Nokia to retire Symbian for Nseries smartphones

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Nokia to retire Symbian for Nseries smartphones

Nokia has confirmed that it will not run the Symbian operating system on its Nseries smartphone range after the release of the N8, opting instead for the Linux-based MeeGo platform.

MeeGo is an open source platform created as part of the Moblin project, a joint venture between Intel and Nokia.

The operating system targets netbooks, entry-level desktops, handheld computers and communications devices, in-vehicle infotainment devices, connected TVs and media phones. Meego v1.0 is available to download.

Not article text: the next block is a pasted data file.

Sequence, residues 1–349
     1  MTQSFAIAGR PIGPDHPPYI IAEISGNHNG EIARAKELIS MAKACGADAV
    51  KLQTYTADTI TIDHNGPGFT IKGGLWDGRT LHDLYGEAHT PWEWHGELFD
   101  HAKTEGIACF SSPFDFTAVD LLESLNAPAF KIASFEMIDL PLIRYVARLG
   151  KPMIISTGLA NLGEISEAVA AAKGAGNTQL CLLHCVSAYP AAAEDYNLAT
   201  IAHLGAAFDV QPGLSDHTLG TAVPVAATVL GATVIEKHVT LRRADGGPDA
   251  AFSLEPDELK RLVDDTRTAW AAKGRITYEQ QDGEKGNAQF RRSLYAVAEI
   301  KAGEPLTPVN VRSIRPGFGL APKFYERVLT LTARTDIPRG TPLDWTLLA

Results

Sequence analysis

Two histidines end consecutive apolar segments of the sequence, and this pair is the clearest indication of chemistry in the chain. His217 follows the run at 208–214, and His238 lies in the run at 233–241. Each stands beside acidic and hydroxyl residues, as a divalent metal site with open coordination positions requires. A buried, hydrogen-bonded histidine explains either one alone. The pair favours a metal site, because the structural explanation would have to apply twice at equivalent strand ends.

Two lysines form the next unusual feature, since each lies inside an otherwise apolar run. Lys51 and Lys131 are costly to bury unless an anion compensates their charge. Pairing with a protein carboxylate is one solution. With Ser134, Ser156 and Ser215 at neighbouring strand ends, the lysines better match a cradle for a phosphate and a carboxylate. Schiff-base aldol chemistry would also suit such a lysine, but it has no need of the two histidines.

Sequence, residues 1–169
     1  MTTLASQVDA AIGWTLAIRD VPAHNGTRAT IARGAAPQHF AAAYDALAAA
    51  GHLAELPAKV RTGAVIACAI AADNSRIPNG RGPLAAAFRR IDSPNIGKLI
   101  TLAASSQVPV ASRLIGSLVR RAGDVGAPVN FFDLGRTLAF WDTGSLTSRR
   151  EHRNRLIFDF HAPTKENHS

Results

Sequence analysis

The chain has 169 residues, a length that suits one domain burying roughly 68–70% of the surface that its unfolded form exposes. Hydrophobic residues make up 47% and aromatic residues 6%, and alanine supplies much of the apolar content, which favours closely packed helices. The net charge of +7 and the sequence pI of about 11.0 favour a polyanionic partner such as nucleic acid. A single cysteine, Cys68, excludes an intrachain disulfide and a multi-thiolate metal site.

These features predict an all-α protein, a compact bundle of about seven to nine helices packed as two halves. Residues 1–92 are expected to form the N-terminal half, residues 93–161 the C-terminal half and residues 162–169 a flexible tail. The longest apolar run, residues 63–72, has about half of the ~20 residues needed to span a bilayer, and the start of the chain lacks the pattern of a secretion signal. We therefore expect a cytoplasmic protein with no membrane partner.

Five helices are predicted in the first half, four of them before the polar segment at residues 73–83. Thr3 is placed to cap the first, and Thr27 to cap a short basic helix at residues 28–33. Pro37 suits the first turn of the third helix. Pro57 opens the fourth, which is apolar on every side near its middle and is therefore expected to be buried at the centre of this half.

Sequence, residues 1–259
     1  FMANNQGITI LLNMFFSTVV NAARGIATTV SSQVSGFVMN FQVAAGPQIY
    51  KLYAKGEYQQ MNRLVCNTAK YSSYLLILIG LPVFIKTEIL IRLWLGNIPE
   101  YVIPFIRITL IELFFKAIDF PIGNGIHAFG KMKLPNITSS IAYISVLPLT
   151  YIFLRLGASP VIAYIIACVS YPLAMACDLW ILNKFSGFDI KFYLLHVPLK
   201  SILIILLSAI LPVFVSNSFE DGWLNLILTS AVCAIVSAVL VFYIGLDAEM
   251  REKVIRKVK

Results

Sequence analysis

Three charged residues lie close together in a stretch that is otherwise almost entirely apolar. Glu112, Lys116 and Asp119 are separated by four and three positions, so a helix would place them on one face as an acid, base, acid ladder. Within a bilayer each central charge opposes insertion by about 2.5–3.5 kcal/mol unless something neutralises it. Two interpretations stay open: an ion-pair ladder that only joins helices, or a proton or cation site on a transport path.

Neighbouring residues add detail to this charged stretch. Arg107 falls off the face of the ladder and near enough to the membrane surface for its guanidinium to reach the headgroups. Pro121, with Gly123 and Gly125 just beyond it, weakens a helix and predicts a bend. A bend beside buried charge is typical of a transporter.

"MeeGo running on high-performance devices will deliver a wealth of internet, computing and communication experiences with deep Ovi service integration. Going forward, Nseries devices will be based on MeeGo," Nokia said in a statement.

Adam Leach, principal analyst at Ovum, suggested that the announcement was not surprising as Nokia has made its strategy clear over the past six months, saying that it was going to retire Symbian in its high-end phones.

Nokia has always been focused on its own software platform, which the company believes gives it a strategic advantage, according to Leach.

"It took Symbian about 10 years to come to mass-market and it could take MeeGo around five years to establish itself. It remains to be seen whether Nokia can regain traction in the market in the long term using this strategy," he said.

Leach added that Nokia will continue to use Symbian on low-end phones and does not see the platform disappearing anytime soon.

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